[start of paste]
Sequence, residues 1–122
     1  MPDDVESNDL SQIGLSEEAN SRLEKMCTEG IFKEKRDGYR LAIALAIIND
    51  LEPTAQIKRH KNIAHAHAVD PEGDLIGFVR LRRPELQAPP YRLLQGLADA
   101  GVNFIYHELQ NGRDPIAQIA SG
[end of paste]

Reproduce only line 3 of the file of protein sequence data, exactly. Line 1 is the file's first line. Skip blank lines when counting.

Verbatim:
    51  LEPTAQIKRH KNIAHAHAVD PEGDLIGFVR LRRPELQAPP YRLLQGLADA